UPI Almanac for Thursday, Dec. 25, 2014

Popes Benedict XVI and Francis address Syrian conflict in Christmas messages ... on this date in history.

By United Press International
UPI Almanac for Thursday, Dec. 25, 2014
Christmas decorations in the State Dining Room at the White House include two 14-foot-tall trees and letters on the mantel, beneath Abraham Lincoln's portrait, that spell "Winter Wonderland." Parts of children's toy train sets are placed beneath the trees. (This view is on Dec. 3, 2014.) UPI/Kevin Dietsch | License Photo

Today is Thursday, Dec. 25, the 359th day of 2014 with six to follow.

This is Christmas Day.


The moon is waxing. Morning stars are Jupiter and Saturn. Evening stars are Mars, Mercury, Neptune, Uranus and Venus.

Those born on this date are under the sign of Capricorn. They include British mathematician, physicist and astronomer Isaac Newton in 1642; American Red Cross founder Clara Barton in 1821; cosmetics entrepreneur Helena Rubinstein in 1870; French painter Maurice Utrillo in 1883; jazz pioneer Edward "Kid" Ory in 1886; hotelier Conrad Hilton in 1887; publisher Lila Bell Wallace, co-founder of Readers Digest, in 1889; Robert "Believe It or Not" Ripley in 1890; acting legend Humphrey Bogart in 1899; jazz bandleader Cab Calloway in 1907; Anwar Sadat, Egyptian president and Nobel Peace Prize laureate, in 1918; TV writer Rod Serling in 1924; singers Jimmy Buffett in 1946 (age 68) and Barbara Mandrell in 1948 (age 66); actors Gary Sandy in 1945 (age 69), Sissy Spacek in 1949 (age 65) and CCH Pounder in 1952 (age 62); political adviser Karl Rove in 1950 (age 64); British singer Annie Lennox in 1954 (age 60); baseball Hall of Fame member Rickey Henderson in 1958 (age 56); and British singer Dido in 1971 (age 43).
On this date in history:

In about 3 B.C., according to Christian belief, Jesus Christ was born in Bethlehem. Calendar miscalculations of the time make it impossible to be certain of the year.

In 1066, William the Conqueror was crowned King William I of England.

In 1818, the first known Christmas carol was sung at Oberndorf, Austria. It was "Silent Night, Holy Night," composed by organist Franz Gruber and the Rev. Joseph Mohr.

In 1938, after auditioning numerous women for the role, producer David O. Selznick chose British actress Vivien Leigh to play Scarlett O'Hara in "Gone With The Wind."

In 1941, British Hong Kong surrendered to Japanese forces.

In 1986, the hijackers of an Iraqi Airways Boeing 737 en route from Baghdad to Amman, Jordan, exploded grenades, causing a fiery crash in Saudi Arabia. Sixty-seven of the 107 people aboard died.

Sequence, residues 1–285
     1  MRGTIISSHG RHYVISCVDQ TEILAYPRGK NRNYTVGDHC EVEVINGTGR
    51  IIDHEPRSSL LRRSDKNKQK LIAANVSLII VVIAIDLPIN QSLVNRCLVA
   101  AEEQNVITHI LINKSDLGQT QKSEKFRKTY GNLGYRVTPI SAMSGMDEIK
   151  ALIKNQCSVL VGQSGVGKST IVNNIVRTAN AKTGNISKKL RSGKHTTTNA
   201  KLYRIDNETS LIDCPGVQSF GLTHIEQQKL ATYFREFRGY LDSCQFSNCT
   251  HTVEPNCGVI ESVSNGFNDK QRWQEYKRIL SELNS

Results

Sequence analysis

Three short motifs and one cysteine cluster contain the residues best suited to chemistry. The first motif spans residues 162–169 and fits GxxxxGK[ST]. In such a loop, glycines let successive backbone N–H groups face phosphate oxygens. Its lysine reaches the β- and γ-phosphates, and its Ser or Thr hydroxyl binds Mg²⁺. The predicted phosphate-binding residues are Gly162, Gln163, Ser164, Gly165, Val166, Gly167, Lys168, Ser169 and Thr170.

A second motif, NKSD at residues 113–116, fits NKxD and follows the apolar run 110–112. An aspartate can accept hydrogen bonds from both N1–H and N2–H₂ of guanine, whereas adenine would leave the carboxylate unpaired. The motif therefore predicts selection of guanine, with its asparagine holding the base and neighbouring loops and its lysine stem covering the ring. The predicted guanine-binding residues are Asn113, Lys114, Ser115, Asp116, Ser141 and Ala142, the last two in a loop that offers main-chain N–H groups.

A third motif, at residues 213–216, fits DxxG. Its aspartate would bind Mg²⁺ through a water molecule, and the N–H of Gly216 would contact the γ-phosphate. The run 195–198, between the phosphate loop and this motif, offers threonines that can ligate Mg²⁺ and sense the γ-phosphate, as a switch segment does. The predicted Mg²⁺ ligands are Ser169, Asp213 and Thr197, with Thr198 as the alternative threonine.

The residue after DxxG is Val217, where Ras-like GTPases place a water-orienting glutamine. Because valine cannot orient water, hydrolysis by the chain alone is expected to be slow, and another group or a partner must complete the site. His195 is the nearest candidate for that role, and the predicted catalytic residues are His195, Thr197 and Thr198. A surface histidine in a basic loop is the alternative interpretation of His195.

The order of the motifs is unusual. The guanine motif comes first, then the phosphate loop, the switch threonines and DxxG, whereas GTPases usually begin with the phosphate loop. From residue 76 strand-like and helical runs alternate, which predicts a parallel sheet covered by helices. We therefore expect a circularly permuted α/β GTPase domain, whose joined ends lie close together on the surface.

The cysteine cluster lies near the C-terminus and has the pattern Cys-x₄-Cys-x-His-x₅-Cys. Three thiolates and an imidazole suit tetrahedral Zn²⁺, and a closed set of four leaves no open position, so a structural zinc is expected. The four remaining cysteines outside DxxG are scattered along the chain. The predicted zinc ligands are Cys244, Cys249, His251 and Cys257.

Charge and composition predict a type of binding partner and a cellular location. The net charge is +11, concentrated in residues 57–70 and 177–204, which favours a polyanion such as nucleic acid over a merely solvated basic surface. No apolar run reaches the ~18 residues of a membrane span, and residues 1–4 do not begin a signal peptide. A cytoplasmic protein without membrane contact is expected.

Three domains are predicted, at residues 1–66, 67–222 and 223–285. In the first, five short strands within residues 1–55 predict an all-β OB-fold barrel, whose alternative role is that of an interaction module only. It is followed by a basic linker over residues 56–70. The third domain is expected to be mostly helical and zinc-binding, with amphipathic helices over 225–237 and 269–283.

In 1989, ex-Romanian dictator Nicolae Ceausescu and his wife and second-in-command, Elena, were executed. The United States officially recognized the new Romanian government.

In 1991, Mikhail Gorbachev resigned as Soviet president the day before Russia's Supreme Soviet voted to end the Soviet Union.


In 1995, actor-singer Dean Martin died at the age of 78.

In 2000, U.S. President Bill Clinton offered a Middle East peace plan that, among other things, included proposals for Israel to give up sovereignty over the Temple Mount and for Palestinians to surrender right of refugees to return to Israel.

In 2003, Pakistan President Pervez Musharraf survived a second assassination attempt in a little over a week but 14 others were killed and 40 injured in a suicide attack.

In 2007, Pope Benedict XVI revealed a new-style nativity scene in the Vatican's St. Peter's Square. It depicted Jesus' birth in Joseph's house, with no mention of a manger or journey to Bethlehem. The Christmas scene was apparently based on St. Matthew's version of the nativity.

In 2008, a gunman dressed as Santa Claus opened fire at a suburban Los Angeles Christmas Eve party, killing at least nine people before fatally shooting himself, police said.

In 2009, a 23-year-old Nigerian man was charged with trying to blow up a Detroit-bound U.S. airliner with explosives hidden in his underwear on Christmas Day. The bomb failed to detonate and he was quickly subdued.

In 2012, Pope Benedict XVI called for an end to fighting in war-torn Syria. "I appeal for an end to the bloodshed, easier access for the relief of refugees and the displaced," the pope said in his Christmas message. "May peace spring up for the people of Syria, deeply wounded and divided by a conflict which does not spare even the defenseless and reaps innocent victims."


In 2013, at the Vatican, Pope Francis, in his first Christmas message as leader of the Roman Catholic Church, spoke out against wars that "shatter and hurt so many lives" and called on the opposing sides in the Syrian conflict to "guarantee access to humanitarian aid." In Baghdad, car bombs, including one near a Catholic church and another a half-mile away, at a place where Christians gather, killed 37 people and wounded dozens.

A thought for the day: "The soul is healed by being with children." -- Fyodor Dostoyevsky

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